How to share localhost between two different Docker containers?

I have two different Docker containers and each has a different image. Each app in the containers uses non-conflicting ports. See the docker-compose.yml:

version: "2"

services:

  service_a:
    container_name: service_a.dev
    image: service_a.dev
    ports:
      - "6473:6473"
      - "6474:6474"
      - "1812:1812"
    depends_on:
      - postgres
    volumes:
      - ../configs/service_a/var/conf:/opt/services/service_a/var/conf

  postgres:
    container_name: postgres.dev
    hostname: postgres.dev
    image: postgres:9.6
    ports:
      - "5432:5432"
    volumes:
      - ../configs/postgres/scripts:/docker-entrypoint-initdb.d/

I can cURL each image successfully from the host machine (Mac OS), e.g. curl -k https://localhost:6473/service_a/api/version works. What I’d like to do is to be able to refer to postgres container from the service_a container via localhost as if these two containers were one and they share the same localhost. I know that it’s possible if I use the hostname postgres.dev from inside the service_a container, but I’d like to be able to use localhost. Is this possible? Please note that I am not very well versed in networking or Docker.

  • Docker didn't forward the port from web service
  • With jwilder nginx-proxy, how to proxypass a subdirectory url to a specific container?
  • Kafka and Docker: Pushing a Kafka Messages to the another's Dockerized Consumer
  • terraform provider + docker registry v2 = 404
  • Docker images/containers taking up space despite clean up
  • Building image on a docker container for running own Django app
  • Mac version: 10.12.4

    Docker version: Docker version 17.03.0-ce, build 60ccb22

    I have done quite some prior research, but couldn’t find a solution.
    Relevant: https://forums.docker.com/t/localhost-and-docker-compose-networking-issue/23100/2

  • How to configure spring interceptor to get called with every request
  • Vagrant docker-exec
  • Docker-compose linking service into dockerfile
  • How do I attach multiple containers directly to a physical interface?
  • Drush make in a docker doesn't write profile installation files - can't write to lower docker layers
  • Why do I have to use bash -l -c inside my container?
  • One Solution collect form web for “How to share localhost between two different Docker containers?”

    The right way: don’t use localhost. Instead use docker’s built in DNS networking and reference the containers by their service name. You shouldn’t even be setting the container name since that breaks scaling.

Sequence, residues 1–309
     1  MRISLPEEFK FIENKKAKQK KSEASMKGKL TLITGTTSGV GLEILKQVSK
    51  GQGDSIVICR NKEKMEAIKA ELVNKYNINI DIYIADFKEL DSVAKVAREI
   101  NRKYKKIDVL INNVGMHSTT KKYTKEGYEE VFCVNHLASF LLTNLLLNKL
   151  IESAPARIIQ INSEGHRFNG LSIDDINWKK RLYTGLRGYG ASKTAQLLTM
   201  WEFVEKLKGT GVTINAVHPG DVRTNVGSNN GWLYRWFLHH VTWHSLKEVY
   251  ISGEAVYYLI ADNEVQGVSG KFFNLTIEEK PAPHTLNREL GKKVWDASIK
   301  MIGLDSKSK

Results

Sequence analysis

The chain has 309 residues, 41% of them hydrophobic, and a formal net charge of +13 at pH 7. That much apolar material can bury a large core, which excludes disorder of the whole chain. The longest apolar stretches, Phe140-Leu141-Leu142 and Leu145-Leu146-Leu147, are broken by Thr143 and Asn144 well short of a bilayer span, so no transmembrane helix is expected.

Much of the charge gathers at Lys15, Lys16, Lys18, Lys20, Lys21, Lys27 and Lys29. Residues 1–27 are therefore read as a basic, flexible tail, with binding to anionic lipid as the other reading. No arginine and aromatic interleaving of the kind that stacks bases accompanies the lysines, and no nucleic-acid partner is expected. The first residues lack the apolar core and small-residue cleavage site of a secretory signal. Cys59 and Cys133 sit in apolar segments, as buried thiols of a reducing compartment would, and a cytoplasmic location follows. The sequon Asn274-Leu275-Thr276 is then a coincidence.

The bad way: if you don’t want to use the docker networking feature, then you can switch to host networking, but that turns off a very key feature and other docker capabilities like the option to connect containers together in their own isolated networks will no longer work. With that disclaimer, the result would look like:

    version: "2"
    
    services:
    
      service_a:
        container_name: service_a.dev
        image: service_a.dev
        network_mode: "host"
        depends_on:
          - postgres
        volumes:
          - ../configs/service_a/var/conf:/opt/services/service_a/var/conf
    
      postgres:
        container_name: postgres.dev
        image: postgres:9.6
        network_mode: "host"
        volumes:
          - ../configs/postgres/scripts:/docker-entrypoint-initdb.d/
    

    Note that I removed port publishing from the container to the host, since you’re no longer in a container network. And I removed the hostname setting since you shouldn’t change the hostname of the host itself from a docker container.

    The linked forum posts you reference show how when this is a VM, the host cannot communicate with the containers as localhost. This is an expected limitation, but the containers themselves will be able to talk to each other as localhost. If you use a VirtualBox based install with docker-toolbox, you should be able to talk to the containers by the virtualbox IP.


    The really wrong way: abuse the container network mode. The mode is available for debugging container networking issues and specialized use cases and really shouldn’t be used to avoid reconfiguring an application to use DNS. And when you stop the database, you’ll break your other container since it will lose its network namespace.

    For this, you’ll likely need to run two separate docker-compose.yml files because docker-compose will check for the existence of the network before taking any action. Start with the postgres container:

    version: "2"
    services:
      postgres:
        container_name: postgres.dev
        image: postgres:9.6
        ports:
          - "5432:5432"
        volumes:
          - ../configs/postgres/scripts:/docker-entrypoint-initdb.d/
    

    Then you can make a second service in that same network namespace:

    version: "2"
    services:
      service_a:
        container_name: service_a.dev
        image: service_a.dev
        network_mode: "container:postgres.dev"
        ports:
          - "6473:6473"
          - "6474:6474"
          - "1812:1812"
        volumes:
          - ../configs/service_a/var/conf:/opt/services/service_a/var/conf
    
    Docker will be the best open platform for developers and sysadmins to build, ship, and run distributed applications.